Steve Jobs, Bob Dutton, and the Value of HW/SW
The news of Steve Jobs’ death reminds us all of the benefits of considering software and hardware as a creative duo, a topic that Stanford professor Robert Dutton talked about recently at a Semiconductor Research Corp. (SRC) event here in Austin.
I hesitate to write about Steve Jobs, because I never interviewed him. And yet – such was his impact – that he played a role in all of our lives. I can’t forget the day at Semicon West 2007 in San Francisco when a packaging editor/freelance writer named Sally Cole Johnson was showing us her new iPhone, which had just come on the market. Sally took her thumb and forefinger and spread out the text on the phone’s screen, quickly scrolled, flipped perspectives, and did some of the “insanely great” things that Jobs & Co. had developed. Suddenly, my Blackberry seemed a bit less amazing.
As a journalist, I didn’t care for Apple’s policy of aggressively pursuing news organizations which got wind of new Apple products before they were announced. But his successes kept much of the American media stimulated by the flow of Apple-centric stories. Early in my career, while I worked at the Associated Press Tokyo bureau, a colleague named Eugene Moosa-Mikami convinced me, early in 1983, to go with him to Akihabara and buy an Apple IIe computer with my AP winter bonus of 350,000 yen. That got me hooked on the wonders of electronics and changed my life, quite frankly, much for the better. Thanks, Eugene. RIP Steve.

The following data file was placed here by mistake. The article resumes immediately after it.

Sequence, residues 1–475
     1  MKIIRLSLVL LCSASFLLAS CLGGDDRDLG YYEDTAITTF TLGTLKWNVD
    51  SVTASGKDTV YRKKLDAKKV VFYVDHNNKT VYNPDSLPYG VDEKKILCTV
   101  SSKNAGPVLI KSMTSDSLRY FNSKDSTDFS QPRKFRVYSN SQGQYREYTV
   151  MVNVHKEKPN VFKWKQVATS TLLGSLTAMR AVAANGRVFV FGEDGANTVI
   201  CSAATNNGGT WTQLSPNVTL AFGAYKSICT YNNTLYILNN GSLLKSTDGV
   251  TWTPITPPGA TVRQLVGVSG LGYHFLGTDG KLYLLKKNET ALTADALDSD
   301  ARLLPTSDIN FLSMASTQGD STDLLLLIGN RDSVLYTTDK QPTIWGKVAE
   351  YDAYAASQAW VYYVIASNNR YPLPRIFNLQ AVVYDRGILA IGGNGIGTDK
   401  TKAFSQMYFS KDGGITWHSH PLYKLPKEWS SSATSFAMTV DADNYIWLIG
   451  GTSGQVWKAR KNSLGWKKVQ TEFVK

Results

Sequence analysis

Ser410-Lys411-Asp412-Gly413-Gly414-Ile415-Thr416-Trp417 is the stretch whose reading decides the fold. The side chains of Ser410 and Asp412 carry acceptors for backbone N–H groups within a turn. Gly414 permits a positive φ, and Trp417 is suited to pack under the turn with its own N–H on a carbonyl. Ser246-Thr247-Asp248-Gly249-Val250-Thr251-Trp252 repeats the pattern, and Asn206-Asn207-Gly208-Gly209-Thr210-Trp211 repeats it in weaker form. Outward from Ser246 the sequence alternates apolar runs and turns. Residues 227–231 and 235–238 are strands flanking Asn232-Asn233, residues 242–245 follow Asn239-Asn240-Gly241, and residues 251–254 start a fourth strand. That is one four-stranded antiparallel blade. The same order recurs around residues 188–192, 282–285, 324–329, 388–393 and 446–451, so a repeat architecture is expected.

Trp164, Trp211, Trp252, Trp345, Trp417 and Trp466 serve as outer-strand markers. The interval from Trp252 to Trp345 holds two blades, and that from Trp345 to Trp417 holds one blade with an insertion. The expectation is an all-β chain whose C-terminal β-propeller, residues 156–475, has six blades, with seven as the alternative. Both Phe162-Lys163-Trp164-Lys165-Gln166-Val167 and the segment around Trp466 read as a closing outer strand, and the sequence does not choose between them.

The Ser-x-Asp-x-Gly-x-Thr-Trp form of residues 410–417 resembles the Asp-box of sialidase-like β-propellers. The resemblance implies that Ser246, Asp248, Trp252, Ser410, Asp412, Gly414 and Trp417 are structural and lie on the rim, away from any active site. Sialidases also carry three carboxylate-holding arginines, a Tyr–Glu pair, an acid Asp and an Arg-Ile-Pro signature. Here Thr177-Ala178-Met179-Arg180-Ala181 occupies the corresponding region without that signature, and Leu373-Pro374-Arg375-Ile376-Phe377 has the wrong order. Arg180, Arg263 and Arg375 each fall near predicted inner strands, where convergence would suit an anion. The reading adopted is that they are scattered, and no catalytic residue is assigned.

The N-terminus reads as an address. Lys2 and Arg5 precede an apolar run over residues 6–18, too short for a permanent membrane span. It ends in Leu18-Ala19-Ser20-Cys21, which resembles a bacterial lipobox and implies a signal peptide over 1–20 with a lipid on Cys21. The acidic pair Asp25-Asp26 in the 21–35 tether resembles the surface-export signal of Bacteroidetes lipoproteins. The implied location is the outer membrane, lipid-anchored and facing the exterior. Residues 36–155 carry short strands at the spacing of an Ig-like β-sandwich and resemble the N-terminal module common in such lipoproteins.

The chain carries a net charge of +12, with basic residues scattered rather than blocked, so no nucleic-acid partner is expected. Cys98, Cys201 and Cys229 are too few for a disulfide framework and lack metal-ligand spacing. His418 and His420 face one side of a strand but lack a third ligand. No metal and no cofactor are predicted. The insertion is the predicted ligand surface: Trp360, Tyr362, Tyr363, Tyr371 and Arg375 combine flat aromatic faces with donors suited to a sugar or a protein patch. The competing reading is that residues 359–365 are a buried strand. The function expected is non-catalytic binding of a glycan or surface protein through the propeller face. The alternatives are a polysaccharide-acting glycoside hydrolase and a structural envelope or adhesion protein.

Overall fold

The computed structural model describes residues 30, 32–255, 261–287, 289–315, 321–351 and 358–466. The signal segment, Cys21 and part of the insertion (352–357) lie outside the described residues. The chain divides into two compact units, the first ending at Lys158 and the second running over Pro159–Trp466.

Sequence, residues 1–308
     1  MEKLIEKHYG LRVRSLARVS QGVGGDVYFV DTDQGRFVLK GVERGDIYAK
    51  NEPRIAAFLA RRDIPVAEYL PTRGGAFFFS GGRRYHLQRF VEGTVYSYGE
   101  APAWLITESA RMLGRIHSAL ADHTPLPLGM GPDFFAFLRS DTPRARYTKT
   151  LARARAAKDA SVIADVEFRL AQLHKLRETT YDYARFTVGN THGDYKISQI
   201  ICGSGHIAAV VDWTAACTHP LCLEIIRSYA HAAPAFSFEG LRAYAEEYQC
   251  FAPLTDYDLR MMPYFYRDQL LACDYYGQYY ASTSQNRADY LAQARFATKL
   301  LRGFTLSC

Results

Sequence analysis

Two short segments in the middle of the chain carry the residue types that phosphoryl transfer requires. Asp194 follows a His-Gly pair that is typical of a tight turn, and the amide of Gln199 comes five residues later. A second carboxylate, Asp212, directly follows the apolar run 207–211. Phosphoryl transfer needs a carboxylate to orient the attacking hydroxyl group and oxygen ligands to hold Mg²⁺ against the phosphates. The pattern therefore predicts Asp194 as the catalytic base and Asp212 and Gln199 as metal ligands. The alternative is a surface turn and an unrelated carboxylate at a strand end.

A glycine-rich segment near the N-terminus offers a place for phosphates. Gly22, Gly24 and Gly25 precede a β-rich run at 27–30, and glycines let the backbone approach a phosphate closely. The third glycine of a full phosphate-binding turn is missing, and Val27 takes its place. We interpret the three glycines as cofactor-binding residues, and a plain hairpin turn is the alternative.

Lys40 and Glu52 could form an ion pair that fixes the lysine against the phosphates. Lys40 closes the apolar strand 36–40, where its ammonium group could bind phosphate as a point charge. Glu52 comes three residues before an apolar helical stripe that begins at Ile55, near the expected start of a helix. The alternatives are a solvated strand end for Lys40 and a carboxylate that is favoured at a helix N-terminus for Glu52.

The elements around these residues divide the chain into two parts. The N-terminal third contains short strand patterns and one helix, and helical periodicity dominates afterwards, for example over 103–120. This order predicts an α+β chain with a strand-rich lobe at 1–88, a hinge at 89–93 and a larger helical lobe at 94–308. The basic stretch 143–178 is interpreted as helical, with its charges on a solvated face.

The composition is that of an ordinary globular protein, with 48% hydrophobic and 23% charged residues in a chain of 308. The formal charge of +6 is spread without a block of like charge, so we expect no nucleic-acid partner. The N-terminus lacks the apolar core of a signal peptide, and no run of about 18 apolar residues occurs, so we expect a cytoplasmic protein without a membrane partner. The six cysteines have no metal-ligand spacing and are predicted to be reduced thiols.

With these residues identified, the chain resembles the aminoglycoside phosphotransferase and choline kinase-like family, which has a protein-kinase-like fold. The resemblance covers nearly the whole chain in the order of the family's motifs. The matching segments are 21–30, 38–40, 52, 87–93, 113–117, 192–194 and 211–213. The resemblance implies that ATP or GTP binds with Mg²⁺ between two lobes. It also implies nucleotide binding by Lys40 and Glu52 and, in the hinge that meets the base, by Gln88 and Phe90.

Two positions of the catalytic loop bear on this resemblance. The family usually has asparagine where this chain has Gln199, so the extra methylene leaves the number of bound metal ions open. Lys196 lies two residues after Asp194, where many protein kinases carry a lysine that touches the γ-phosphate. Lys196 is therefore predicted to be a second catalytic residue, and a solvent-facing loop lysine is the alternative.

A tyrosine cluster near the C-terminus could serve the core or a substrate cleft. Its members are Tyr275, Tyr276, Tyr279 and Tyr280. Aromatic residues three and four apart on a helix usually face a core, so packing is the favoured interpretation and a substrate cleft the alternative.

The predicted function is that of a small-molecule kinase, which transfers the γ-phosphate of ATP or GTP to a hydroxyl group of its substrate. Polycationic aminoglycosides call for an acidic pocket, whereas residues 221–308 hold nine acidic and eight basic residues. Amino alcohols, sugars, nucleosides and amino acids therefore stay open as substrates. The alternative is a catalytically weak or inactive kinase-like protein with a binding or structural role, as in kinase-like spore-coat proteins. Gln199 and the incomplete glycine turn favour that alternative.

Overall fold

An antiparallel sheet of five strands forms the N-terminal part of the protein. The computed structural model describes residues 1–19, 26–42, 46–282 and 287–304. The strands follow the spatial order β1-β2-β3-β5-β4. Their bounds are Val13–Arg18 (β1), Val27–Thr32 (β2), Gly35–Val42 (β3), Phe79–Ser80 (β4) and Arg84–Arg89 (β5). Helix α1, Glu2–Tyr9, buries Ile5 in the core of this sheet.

I had to laugh when I read that Jobs practiced “Buddhist minimalism.” In our six-person family, several thousands of dollars have flowed to Cupertino as, one-by-one, my family members insisted on buying iPods, iPhones, various Apple notebooks and desktops, and soon, I am sure, iPads.
But innovate Jobs did, and in so doing proved that hardware (chips, touch screens, and, increasingly, MEMS-based sensors) and software must be inextricably intertwined. Everyone knows that, but Jobs did it.
Back to Dutton, who was in Austin to receive the SRC’s Aristotle Award for his life’s work in transistor process modeling. In the early 1970s, Dutton participated in the early IC process modeling that created the foundations of Computer-Aided Design for Technology, or TCAD.
In 1973, Hugo DeMan and co-workers at Katholike University in Leuven had published an ISSCC paper describing their bipolar modeling work, a program called SITCAP. At Stanford, Dutton’s group used SITCAP to look at process variations and parameter sensitivities of in-house devices for bio-medical circuits.
Dutton said those early studies and publications “were our first steps” in developing what was to become the Stanford University PRocess-Engineering Models (SUPREM) program. The use of spacers, retro-graded wells, and multiple ion implantation steps required improvements in ion implantation and diffusion models, Dutton said.
Much of that early work in bio-medical devices is being used in Dutton’s current work in biosensors, which he said takes up about half of his research time. “The ideas we had about scaling concepts apply to biosensors,” he said.
Dutton talked about how the U.S. research community should not abandon hardware in pursuit of software alone, adding that “Apple has redefined the platform.” Dutton said working on hardware and software as an integrated system is the key to surviving in a world where “there are a lot of good programmers all around the world.”
Jobs, and Dutton, played key roles in showing how those synergies work. We have these gentlemen as our role models for how to be “insanely great.”